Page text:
“Good for you if you like it here now,” Darcy said. “And I don’t mean that facetiously. But I’ll be curious what you think this time next year.”
As Chip began speaking, Liz pushed open the screen door and, in an emphatically friendly tone, said, “Hi!” She glanced from Chip’s face to Darcy’s and, making eye contact with Darcy, held his gaze for an extra beat. “I was just inside thinking what grade I’d give myself,” she said. “I realized it would be an A-plus, but I’ve heard we grade on a curve here, so I’m probably what—more like a B for the coasts? Or a B-minus? If you have a minute to figure it out, be sure to let me know.” Without waiting for either to respond, she walked past them, eager to repeat Darcy’s comments as widely and quickly as she could.
—Curtis Sittenfeld, Eligible (A Modern Retelling of Pride and Prejudice), Random House 2016
Some thoughts about this book:
- The only thing I regret about reading Curtis Sittenfeld’s delightful Eligible is not taking a romp through the original Pride and Prejudice first. But just for fun—because I had no trouble recognizing the characters, the situations, the places, even though they are updated by two hundred years and moved to the United States. Some purists won’t care for it, but whatevah! I thought it was delightful.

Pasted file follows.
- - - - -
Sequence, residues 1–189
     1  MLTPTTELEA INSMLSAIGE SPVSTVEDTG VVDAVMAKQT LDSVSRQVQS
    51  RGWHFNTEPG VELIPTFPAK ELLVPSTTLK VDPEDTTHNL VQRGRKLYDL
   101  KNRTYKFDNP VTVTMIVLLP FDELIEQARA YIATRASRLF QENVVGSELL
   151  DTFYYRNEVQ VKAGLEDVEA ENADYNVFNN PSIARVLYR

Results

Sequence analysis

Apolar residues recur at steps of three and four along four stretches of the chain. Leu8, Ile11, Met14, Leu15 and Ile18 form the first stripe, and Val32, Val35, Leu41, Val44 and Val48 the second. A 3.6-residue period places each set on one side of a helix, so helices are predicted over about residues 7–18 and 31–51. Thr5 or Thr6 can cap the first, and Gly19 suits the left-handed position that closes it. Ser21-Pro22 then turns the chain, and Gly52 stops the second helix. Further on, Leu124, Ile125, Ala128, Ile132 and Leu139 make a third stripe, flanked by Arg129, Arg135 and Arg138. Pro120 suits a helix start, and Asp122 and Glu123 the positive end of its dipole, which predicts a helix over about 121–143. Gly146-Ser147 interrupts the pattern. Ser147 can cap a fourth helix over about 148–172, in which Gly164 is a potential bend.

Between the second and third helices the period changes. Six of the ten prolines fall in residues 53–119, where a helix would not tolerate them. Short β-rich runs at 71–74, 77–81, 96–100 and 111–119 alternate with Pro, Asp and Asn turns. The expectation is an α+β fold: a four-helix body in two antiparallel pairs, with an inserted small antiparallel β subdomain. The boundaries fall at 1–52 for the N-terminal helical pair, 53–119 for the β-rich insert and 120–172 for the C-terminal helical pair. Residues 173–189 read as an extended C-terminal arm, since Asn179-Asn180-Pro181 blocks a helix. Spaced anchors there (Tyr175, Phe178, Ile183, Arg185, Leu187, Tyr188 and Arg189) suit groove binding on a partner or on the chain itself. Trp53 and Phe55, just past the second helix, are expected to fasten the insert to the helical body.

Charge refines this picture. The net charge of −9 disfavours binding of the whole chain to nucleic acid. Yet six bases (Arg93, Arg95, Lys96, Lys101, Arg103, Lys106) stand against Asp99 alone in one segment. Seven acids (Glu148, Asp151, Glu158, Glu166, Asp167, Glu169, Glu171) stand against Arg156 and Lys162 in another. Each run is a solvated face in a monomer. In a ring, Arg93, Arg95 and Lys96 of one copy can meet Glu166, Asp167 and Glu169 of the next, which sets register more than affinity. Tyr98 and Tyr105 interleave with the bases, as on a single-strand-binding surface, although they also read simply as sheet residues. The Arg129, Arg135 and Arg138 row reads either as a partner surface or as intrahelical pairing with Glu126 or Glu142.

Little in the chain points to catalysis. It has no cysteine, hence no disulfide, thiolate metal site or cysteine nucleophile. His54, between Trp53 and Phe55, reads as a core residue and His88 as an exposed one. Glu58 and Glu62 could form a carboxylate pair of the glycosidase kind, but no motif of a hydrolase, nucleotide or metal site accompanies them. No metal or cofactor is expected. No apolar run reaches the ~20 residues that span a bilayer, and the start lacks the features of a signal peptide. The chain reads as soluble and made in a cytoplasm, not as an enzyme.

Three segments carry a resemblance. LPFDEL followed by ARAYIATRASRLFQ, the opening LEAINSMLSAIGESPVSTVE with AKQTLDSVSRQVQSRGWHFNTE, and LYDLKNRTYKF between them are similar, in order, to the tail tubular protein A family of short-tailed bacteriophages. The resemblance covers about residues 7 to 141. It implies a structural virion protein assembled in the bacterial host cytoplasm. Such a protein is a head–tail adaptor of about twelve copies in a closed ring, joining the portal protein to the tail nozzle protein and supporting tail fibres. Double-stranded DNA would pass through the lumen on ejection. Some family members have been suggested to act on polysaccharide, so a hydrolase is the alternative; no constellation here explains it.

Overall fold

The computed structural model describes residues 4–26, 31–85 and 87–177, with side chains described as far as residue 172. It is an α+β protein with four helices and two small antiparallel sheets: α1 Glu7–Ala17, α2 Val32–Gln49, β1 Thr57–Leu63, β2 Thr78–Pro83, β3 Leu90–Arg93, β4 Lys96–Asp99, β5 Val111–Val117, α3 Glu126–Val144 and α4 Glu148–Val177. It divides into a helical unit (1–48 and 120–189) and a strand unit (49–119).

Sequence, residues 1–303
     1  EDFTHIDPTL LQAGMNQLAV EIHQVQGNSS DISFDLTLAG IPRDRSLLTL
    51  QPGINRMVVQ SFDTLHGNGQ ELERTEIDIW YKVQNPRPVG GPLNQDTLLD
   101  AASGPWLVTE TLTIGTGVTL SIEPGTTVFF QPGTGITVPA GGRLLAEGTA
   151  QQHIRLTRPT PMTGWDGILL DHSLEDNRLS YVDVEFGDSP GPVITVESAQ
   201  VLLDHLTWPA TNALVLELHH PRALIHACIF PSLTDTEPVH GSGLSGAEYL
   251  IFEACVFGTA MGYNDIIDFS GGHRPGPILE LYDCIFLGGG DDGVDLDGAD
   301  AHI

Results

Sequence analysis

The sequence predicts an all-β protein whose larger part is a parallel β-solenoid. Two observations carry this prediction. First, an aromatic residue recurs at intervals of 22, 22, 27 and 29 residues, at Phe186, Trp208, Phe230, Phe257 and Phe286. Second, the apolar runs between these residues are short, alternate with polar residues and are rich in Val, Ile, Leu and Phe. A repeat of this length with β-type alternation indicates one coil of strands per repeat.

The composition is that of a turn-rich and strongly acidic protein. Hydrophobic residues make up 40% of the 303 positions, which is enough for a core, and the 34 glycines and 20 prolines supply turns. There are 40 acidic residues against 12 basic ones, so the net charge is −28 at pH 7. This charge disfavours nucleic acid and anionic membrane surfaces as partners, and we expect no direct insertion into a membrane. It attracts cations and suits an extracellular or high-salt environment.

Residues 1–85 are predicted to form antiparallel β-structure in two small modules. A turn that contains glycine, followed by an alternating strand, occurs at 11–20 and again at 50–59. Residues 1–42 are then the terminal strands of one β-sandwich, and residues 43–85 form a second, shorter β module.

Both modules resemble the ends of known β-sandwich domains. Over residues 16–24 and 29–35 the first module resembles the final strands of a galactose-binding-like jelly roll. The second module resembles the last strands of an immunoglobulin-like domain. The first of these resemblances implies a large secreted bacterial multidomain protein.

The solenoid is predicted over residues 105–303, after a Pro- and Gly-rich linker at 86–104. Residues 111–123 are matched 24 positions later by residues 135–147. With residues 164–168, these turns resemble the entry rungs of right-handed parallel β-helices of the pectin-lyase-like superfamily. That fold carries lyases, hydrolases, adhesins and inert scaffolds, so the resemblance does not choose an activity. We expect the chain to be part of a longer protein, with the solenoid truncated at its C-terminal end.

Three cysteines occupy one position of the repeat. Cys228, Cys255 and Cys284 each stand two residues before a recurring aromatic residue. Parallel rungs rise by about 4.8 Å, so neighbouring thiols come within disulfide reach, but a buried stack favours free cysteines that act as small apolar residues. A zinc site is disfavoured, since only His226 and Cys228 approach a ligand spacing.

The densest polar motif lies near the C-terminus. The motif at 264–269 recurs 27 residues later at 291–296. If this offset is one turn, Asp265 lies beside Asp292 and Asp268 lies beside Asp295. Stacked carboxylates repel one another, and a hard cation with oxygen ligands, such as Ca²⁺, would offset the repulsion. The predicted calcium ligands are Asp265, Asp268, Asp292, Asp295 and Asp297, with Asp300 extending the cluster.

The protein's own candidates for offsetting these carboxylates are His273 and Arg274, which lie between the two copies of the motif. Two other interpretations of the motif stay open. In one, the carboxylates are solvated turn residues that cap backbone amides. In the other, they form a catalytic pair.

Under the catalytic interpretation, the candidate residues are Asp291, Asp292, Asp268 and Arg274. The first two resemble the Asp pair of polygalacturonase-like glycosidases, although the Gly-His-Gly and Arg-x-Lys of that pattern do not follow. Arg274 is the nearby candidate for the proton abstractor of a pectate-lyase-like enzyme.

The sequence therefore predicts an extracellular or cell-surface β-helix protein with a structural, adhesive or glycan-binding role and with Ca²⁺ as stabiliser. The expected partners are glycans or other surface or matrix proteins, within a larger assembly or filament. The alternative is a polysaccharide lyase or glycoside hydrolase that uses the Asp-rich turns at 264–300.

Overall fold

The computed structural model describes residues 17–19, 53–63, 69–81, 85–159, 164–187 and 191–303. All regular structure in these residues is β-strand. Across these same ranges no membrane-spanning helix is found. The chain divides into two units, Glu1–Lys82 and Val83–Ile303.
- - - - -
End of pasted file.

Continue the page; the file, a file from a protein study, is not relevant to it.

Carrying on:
- I love literary fiction, and Sittenfeld does not disappoint. Sure, there’s a romance at the heart of it—and it’s very satisfying, even though you know what the outcome will be, having read Pride and Prejudice. (Because you have, yes?) The writing is excellent and feels very Austenish, though it, too, is updated for this century.
- This book is one of several suggested (commissioned?) by the Austen Project. I haven’t read others, but I might. :)
- The theme here has to do with the obligation we have toward others—kindness, compassion, empathy—and where we must draw the line in terms of those responsibilities.
- One forgets how much an unlikable character (or several!) can do for a story. Writers, don’t be afraid to consider this.
Tweet: An unlikable character (or 3) can do wonders for a story. Writers, don’t be afraid to consider this.
Tweet: This is Pride & Prejudice updated 200 years and moved to the United States! I loved it!
Disclosure of Material Connection: I have not received any compensation for writing this post. I have no material connection to the brands, products, or services that I have mentioned. I am disclosing this in accordance with the Federal Trade Commission’s 16 CFR, Part 255: “Guides Concerning the Use of Endorsements and Testimonials in Advertising.”